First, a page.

NCSD Education Committee Mission Statement:

"To promote development of nuclear criticality safety expertise by providing opportunities that offer technical growth and recognition."

 

General Process

Primary Author(s)

Activity

    NCSD Whitepaper Approval Process

In 2001, the NCSD Executive Committee endorsed use of whitepapers to relate guidance on pertinent issues or examples of good practices in the practice of Nuclear Criticality Safety.  The whitepaper process is intended to be a venue for all members of the division to promote best practices, lessons learned or to explore meaningful discussions on issues of importance to the criticality safety community.  Whitepapers are intended to be living documents that could and should change as practices improve.

To read the entire document, click here (Word)  (PDF)

Revised Draft for comment until Nov. 30, 2014
(Word)  (PDF)  Send comments to Jason McCall

Mikey Brady-Raap
Pacific Northwest Lab
(509) 375-3781

michaele.bradyraap@pnl.gov

Lon Paulson
GE-Hitachi Nuclear Energy
(910) 675-5460

lon.paulson@ge.com

Revised 6/06 (Rev 1)

Education Committee Overview

The following initiatives (i.e., development of White Papers) were identified by consensus to implement the mission statement:

  • Overview of the ANS/NCSD Education Committee
  • Establish guidance on a definition of a criticality safety engineer specialist
  • Establish guidance on a successful nuclear criticality safety mentoring program
  • Establish guidance on an acceptable evaluation of nuclear criticality safety
  • Establish guidance on a criticality safety engineer specialist training and qualification program
  • Establish guidance on proper implementation of the double contingency principle

To read the entire document, click here (Word)  (PDF)

Lon Paulson
GE-Hitachi Nuclear Energy
(910) 675-5460

lon.paulson@ge.com

Revised 6/06 (Rev 0)

Successful NCS Mentorship Program

As the Nuclear Criticality Safety Community grows older and large numbers of experienced criticality safety engineer specialists retire, there is a need for young aspiring criticality safety engineer specialists to fill the gap.  It is very important that the lessons-learned over the past ~50 years are passed on to the "next generation."  This can be effectively accomplished utilizing a nuclear criticality safety mentorship program.  A more experienced criticality safety engineer specialist (i.e., Mentor) should educate the lesser-experienced criticality safety engineer specialist (e.g., Trainee, or Engineer).  Mentorship should not end once the Criticality Safety Trainee becomes a qualified Criticality Safety Engineer or Senior Criticality Safety Engineer at his/her nuclear facility.  It is an ongoing, continuous process while an active member of the Nuclear Criticality Safety profession.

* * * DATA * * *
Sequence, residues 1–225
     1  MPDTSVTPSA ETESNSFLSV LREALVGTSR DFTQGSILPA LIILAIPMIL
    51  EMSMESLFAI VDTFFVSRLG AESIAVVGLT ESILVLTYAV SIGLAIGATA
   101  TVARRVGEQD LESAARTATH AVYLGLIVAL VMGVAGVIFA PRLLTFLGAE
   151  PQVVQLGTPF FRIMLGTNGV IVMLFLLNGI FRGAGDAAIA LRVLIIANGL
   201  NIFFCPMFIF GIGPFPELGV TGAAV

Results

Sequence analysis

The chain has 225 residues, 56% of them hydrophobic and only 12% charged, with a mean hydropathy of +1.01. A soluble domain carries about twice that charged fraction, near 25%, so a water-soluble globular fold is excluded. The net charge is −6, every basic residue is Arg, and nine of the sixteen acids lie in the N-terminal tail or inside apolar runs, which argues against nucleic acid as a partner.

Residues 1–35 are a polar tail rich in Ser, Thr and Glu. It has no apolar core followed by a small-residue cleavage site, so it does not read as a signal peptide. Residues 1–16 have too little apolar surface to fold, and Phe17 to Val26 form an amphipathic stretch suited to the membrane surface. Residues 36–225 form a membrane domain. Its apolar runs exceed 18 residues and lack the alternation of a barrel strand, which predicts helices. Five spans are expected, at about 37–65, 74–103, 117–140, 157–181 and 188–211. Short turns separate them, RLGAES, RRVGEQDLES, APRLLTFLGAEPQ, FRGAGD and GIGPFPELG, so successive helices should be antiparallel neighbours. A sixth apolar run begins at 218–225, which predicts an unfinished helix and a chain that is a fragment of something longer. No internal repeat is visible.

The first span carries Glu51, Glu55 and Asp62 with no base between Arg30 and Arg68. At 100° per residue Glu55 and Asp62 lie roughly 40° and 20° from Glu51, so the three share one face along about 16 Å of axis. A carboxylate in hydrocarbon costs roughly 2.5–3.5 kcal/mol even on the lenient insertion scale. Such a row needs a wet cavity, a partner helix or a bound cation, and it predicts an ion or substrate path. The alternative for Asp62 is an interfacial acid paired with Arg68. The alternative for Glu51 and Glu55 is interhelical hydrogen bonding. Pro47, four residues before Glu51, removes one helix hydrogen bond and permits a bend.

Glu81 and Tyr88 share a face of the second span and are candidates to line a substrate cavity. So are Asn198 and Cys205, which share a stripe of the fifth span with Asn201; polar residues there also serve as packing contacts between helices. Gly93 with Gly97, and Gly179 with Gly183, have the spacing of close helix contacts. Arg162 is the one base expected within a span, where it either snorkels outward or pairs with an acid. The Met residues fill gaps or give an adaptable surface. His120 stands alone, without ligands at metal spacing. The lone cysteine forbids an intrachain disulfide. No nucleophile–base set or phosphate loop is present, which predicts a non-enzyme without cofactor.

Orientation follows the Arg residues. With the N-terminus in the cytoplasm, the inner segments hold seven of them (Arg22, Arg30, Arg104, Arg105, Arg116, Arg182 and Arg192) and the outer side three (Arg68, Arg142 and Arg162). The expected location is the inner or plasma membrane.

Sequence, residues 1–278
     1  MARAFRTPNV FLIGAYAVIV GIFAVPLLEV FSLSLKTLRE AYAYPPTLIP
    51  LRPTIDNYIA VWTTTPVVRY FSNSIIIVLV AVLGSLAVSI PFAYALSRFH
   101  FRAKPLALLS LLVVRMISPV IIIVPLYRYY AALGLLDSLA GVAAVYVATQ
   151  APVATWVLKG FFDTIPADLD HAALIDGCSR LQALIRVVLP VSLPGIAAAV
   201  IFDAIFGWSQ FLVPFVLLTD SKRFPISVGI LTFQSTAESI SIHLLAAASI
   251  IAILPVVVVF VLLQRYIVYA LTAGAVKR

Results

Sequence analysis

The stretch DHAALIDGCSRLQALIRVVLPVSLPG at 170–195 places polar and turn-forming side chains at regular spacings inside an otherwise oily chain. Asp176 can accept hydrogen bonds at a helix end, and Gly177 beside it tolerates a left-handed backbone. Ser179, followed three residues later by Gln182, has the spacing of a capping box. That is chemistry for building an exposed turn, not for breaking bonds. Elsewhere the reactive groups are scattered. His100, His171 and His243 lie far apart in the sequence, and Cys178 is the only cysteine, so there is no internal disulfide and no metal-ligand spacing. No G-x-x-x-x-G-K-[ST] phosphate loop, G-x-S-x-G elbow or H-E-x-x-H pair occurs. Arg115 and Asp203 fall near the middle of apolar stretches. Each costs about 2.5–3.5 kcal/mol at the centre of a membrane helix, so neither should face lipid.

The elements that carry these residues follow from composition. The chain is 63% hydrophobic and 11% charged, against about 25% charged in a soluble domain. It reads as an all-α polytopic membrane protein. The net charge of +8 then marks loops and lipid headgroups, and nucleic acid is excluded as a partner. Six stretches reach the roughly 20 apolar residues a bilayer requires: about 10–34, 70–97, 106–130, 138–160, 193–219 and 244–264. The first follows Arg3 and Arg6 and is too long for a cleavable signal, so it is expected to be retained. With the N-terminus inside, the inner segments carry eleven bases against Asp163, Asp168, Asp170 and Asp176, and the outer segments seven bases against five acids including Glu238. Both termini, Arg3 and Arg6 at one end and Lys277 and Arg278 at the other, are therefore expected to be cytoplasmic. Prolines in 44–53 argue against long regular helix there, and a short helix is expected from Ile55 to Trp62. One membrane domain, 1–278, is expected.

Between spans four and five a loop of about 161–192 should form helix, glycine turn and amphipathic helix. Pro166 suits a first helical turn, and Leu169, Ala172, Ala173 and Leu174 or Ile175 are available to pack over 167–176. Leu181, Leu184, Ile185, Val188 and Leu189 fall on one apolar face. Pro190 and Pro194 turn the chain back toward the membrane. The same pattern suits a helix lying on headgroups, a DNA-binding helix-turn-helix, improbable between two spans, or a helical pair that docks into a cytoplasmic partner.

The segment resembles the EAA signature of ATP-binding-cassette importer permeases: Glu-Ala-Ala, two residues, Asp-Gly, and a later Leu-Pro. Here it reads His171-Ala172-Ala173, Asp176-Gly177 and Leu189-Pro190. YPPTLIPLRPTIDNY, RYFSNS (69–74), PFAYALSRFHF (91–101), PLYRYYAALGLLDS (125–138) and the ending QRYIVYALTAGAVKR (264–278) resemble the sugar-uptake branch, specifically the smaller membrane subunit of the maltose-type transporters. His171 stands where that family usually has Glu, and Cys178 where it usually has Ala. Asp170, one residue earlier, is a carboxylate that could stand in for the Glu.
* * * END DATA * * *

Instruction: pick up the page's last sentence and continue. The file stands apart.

To read the entire document, click here (Word)  (PDF)

Bonnie Rumble
Paschal Associates
(740) 897-4047

bonnie.rumble@gmail.com

Revised 6/06 (Rev 0)

Nuclear Criticality Safety Evaluations

One of the more difficult tasks of a criticality safety engineer (CSE) is to develop the rationale for the establishment of controlled parameters and the proper documentation of the basis for subcritical limits derived for the controlled parameters.  In addition, clear specifications of associated control and functionality requirements to safely operate a process or facility that contains fissile material must be clearly communicated to operating personnel.

To read the entire document, click here (Word)  (PDF)

Lon Paulson
GE-Hitachi Nuclear Energy
(910) 675-5460

lon.paulson@ge.com

Jim Morman
Argonne National Lab
(630)252-6076

jamorman@anl.gov

Revised 11/09 (Rev 1)

Nuclear Criticality Accidents In The Workplace: Fact Sheet

A nuclear criticality accident is the occurrence of a self-sustaining neutron chain reaction that is either unplanned or behaves unexpectedly. Only a few special nuclear materials such as enriched uranium or plutonium are capable of supporting a self-sustaining neutron chain reaction, hereinafter called nuclear criticality. Nuclear criticality results in the same reactions that occur in a nuclear reactor. The products of nuclear criticality are heat, radiation, and radioactive materials called fission products.

To read the entire document, click here (Word)  (PDF)

Richard Taylor
C S Engineering
(865) 482-8086

rtaylor238@comcast.net

Revised 6/06 (Rev 1)
Minor Revision (4/09)


NCSD Whitepaper Disclaimer

As detailed in the accompanying NCSD Whitepaper Approval Process, these whitepapers have been prepared and approved by the Education Committee and the NCSD Executive Committee has approved the whitepapers being placed on the NCSD webpage. It should be noted that the NCSD whitepapers are developed to disseminate good practices, increase communication and stimulate discussion within the NCSD community on specific topics. They are designed and intended to be living documents. Each whitepaper provides one of numerous ways of applying good practices on the subject, thus it is not intended to be used as a standard or as interpretation of a standard. Comments on the whitepapers should be sent to the primary author as well as the Chair of the Education Committee.

 

Current Education Committee Members**

Chair: Jason McCall

John Bennion

Jerry Hicks

Mikey Brady-Raap

David Erickson

John Miller

Kevin Reynolds

Adolf Garcia

Jim Morman

Bonnie Rumble

David Hayes

Lon Paulson

Fitz Trumble

** current NCSD Chair is a member of the Education Committee